12. Dharwadker, Vinay. 2003. Kabir: The Weaver’s Songs. New Delhi: Penguin Books India. [Google Scholar]
  13. Durkheim, Emile. 1995. The Elementary Forms of Religious Life. Translated by Karen E. Fields. New York: The Free Press. First published 1912. [Google Scholar]
  14. Gallagher, Eugene V. 2009. Teaching for Religious Literacy. Teaching Theology and Religion 12: 208–21. [Google Scholar] [CrossRef]
  15. Halbwachs, Maurice. 1992. On Collective Memory. Edited and Translated by Lewis A. Coser. Chicago: University of Chicago Press. [Google Scholar]
  16. Hawley, John Stratton. 2005. Three Bhakti Voices: Mirabai, Surdas, and Kabir in Their Times and Ours. New Delhi: Oxford University Press. [Google Scholar]
  17. Hawley, John Stratton, and Mark Juergensmeyer. 2004. Songs of the Saints of India. New Delhi: Oxford University Press. [Google Scholar]
  18. Hess, Linda. 1987. Three Kabir Collections: A Comparative Study. In The Sants: Studies in a Devotional Tradition of India. Edited by Karine Schomer and W. H. McLeod. Delhi: Motilal Banarsidass, pp. 111–42. [Google Scholar]
  19. Hess, Linda. 2015. Bodies of Song: Kabir Oral Traditions and Performative Worlds in North India. New York: Oxford University Press. [Google Scholar]
  20. Lincoln, Bruce. 1989. Discourse and the Construction of Society: Comparative Studies of Myth, Ritual, and Classification. New York: Oxford University Press. [Google Scholar]
  21. Lorenzen, David N. 1991. Kabir Legends and Ananta-das’s Kabir Parachai. Albany: State University of New York Press. [Google Scholar]
  22. Oblinger, Diana G., and James L. Oblinger, eds. 2005. Educating the Net Generation. Washington, DC: EDUCAUSE. Available online: (accessed on 28 July 2023).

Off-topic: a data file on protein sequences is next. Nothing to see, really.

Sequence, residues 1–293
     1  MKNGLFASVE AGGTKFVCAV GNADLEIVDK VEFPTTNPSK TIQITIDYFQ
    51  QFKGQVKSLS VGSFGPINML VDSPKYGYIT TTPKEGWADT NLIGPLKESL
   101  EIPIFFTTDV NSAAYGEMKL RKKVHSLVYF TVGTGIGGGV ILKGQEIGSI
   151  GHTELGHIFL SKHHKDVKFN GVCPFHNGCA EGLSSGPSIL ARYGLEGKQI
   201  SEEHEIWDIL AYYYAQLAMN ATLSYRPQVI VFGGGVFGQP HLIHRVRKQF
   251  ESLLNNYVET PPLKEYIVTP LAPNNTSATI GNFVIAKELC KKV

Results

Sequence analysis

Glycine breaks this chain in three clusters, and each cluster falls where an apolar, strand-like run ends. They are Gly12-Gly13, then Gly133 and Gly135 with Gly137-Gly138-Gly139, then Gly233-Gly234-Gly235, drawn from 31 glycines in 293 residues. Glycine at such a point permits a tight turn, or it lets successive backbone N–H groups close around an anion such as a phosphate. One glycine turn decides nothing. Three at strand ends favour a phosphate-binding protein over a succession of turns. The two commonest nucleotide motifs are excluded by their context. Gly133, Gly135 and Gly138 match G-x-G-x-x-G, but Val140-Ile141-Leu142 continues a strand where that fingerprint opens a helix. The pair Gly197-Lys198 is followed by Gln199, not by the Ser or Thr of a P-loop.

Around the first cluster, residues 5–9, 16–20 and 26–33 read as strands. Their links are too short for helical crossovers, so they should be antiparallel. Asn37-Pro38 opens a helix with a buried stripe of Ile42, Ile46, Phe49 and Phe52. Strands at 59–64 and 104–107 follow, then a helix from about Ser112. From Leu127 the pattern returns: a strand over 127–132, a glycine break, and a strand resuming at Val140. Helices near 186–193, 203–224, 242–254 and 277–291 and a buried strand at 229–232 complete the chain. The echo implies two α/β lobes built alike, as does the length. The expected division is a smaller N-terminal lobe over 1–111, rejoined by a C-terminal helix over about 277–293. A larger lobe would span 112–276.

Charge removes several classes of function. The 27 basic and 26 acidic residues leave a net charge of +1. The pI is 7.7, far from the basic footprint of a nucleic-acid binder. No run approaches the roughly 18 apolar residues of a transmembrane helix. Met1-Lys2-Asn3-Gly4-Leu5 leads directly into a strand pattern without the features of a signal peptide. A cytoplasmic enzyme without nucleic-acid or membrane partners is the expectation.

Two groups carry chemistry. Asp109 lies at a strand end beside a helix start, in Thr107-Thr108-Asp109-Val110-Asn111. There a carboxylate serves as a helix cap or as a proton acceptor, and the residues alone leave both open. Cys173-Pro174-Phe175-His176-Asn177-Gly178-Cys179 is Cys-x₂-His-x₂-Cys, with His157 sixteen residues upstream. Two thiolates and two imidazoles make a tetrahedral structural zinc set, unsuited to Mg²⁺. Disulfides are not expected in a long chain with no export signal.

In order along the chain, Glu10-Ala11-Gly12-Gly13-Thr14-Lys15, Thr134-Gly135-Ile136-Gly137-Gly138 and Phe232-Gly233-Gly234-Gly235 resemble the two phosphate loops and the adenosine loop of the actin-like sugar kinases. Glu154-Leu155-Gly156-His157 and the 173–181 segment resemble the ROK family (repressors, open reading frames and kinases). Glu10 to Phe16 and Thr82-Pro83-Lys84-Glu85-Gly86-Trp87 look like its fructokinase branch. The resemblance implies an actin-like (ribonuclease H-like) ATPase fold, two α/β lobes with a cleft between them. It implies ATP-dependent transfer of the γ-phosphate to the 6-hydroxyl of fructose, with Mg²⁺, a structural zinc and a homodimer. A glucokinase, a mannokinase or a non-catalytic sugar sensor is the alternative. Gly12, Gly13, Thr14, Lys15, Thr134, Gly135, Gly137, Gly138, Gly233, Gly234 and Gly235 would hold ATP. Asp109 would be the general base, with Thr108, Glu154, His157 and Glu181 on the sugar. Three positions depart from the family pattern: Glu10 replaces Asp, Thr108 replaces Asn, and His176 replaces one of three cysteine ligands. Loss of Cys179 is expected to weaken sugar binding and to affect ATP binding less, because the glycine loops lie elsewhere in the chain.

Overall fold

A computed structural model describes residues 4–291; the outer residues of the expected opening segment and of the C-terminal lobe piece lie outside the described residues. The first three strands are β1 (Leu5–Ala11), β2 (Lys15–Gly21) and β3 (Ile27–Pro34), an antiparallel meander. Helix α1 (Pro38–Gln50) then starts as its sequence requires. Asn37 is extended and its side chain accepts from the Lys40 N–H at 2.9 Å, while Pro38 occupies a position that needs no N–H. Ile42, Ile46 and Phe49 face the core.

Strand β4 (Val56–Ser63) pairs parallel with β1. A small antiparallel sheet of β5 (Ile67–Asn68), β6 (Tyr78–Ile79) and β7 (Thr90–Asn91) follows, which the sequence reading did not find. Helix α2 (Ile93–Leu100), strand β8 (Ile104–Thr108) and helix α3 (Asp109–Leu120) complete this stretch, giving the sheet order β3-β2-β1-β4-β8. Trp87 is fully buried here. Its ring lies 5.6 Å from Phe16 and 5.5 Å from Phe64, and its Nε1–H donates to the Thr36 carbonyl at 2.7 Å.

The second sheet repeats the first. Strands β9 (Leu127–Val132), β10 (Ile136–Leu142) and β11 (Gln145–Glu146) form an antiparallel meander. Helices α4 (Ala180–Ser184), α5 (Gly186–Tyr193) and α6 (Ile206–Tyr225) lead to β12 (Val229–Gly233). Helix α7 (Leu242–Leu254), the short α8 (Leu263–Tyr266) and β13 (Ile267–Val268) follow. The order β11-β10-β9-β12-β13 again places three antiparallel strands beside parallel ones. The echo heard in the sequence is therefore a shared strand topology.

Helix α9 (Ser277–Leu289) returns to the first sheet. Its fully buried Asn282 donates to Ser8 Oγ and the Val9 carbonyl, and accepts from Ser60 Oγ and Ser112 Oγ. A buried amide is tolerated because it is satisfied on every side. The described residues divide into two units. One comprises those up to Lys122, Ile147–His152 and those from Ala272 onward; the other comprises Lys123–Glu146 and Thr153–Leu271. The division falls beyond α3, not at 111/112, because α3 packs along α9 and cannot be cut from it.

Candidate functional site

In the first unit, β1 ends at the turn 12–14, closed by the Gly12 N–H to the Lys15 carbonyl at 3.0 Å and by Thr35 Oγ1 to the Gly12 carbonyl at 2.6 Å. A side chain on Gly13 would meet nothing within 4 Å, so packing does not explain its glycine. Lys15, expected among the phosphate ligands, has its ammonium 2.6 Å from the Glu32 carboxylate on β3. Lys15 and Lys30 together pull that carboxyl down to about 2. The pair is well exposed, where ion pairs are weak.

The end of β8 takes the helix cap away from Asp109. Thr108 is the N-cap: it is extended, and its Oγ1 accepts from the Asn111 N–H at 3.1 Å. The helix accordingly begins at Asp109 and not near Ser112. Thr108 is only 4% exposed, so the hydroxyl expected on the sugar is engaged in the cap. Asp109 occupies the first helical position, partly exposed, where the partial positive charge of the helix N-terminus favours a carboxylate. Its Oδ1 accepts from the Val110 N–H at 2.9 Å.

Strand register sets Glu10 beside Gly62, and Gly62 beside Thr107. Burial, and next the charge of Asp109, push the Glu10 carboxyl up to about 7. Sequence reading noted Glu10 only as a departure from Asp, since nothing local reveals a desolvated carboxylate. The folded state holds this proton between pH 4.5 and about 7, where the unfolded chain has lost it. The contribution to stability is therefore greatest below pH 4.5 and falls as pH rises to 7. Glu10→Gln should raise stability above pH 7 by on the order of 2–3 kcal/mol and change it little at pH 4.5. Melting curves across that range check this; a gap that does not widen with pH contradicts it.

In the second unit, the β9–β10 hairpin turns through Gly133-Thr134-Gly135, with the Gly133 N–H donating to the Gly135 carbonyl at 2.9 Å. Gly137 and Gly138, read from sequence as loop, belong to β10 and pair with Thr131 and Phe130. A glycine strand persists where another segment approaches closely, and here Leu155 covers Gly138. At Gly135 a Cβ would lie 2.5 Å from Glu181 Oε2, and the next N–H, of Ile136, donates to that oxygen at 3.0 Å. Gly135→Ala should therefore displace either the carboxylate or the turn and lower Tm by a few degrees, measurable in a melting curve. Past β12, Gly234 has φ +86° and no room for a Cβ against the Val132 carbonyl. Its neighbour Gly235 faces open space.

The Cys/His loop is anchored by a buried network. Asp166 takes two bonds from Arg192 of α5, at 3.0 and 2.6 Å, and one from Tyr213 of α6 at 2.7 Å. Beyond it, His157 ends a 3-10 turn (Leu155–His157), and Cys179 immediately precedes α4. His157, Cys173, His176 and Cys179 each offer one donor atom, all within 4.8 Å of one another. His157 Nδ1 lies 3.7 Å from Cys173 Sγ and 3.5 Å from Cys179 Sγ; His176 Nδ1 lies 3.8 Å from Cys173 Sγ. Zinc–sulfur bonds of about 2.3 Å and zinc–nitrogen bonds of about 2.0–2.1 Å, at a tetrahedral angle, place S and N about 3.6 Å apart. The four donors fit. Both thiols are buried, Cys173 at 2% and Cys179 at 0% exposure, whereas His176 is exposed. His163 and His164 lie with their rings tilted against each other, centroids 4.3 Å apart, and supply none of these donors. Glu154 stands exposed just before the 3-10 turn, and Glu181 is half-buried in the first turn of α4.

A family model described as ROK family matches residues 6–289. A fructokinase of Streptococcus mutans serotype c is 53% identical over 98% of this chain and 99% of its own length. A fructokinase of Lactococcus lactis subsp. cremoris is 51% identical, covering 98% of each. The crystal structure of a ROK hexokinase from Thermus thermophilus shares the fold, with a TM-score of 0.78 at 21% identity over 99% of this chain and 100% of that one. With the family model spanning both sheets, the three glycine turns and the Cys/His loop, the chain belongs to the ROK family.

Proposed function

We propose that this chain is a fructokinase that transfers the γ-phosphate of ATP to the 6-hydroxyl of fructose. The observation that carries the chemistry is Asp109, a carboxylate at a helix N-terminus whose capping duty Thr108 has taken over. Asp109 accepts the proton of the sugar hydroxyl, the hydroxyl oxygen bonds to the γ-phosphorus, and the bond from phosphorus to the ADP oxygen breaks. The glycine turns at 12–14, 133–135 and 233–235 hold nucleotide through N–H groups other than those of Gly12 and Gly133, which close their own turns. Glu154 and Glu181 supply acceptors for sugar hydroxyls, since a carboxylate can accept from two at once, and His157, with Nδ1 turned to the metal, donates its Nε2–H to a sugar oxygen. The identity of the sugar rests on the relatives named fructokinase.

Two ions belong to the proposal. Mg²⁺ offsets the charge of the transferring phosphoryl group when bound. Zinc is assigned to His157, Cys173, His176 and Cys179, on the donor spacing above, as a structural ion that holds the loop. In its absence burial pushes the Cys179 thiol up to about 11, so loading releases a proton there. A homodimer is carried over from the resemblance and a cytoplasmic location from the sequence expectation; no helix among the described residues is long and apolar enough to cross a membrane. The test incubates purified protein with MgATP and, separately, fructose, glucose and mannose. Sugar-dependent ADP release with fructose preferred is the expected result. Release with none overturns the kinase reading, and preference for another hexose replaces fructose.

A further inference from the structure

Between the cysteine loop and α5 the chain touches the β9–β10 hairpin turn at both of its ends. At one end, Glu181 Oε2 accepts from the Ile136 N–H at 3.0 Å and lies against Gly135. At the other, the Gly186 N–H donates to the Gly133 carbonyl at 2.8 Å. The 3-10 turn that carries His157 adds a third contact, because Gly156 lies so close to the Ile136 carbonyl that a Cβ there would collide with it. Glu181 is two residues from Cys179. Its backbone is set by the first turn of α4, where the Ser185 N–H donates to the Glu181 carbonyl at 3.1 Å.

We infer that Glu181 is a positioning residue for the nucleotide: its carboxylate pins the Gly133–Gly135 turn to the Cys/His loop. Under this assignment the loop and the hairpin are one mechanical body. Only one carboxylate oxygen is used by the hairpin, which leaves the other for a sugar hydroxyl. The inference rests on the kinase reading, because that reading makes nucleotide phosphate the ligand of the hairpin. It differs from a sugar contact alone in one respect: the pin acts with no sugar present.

23. Offredi, Mariola. 2002. Kabīr and the Nāthpanth. In Images of Kabīr. Edited by Monika Horstmann. New Delhi: Manohar Publishers, pp. 127–41. [Google Scholar]
  24. Stewart, Tony K. 2010. The Subject and the Ostensible Subject: Mapping the Genre of Hagiography among South Asian Chishtis. In Rethinking Islamic Studies: From Orientalism to Cosmopolitanism. Edited by Carl W. Ernst and Richard C. Martin. Columbia: University of South Carolina Press, pp. 227–44. [Google Scholar]
  25. Warner, Michael. 2002. Publics and Counterpublics. Public Culture 14: 49–90. [Google Scholar] [CrossRef]
Disclaimer/Publisher’s Note: The statements, opinions and data contained in all publications are solely those of the individual author(s) and contributor(s) and not of MDPI and/or the editor(s). MDPI and/or the editor(s) disclaim responsibility for any injury to people or property resulting from any ideas, methods, instructions or products referred to in the content.

Share and Cite

MDPI and ACS Style

Burchett, P. Kabir and Pedagogy: Teaching the Politics of Religion through the Hagiography of an Indian Saint. Religions 2024, 15, 155.

AMA Style

Burchett P. Kabir and Pedagogy: Teaching the Politics of Religion through the Hagiography of an Indian Saint. Religions. 2024; 15(2):155.

Chicago/Turabian Style

Burchett, Patton. 2024. "Kabir and Pedagogy: Teaching the Politics of Religion through the Hagiography of an Indian Saint" Religions 15, no. 2: 155.

Note that from the first issue of 2016, this journal uses article numbers instead of page numbers. See further details here.

Article Metrics

Back to TopTop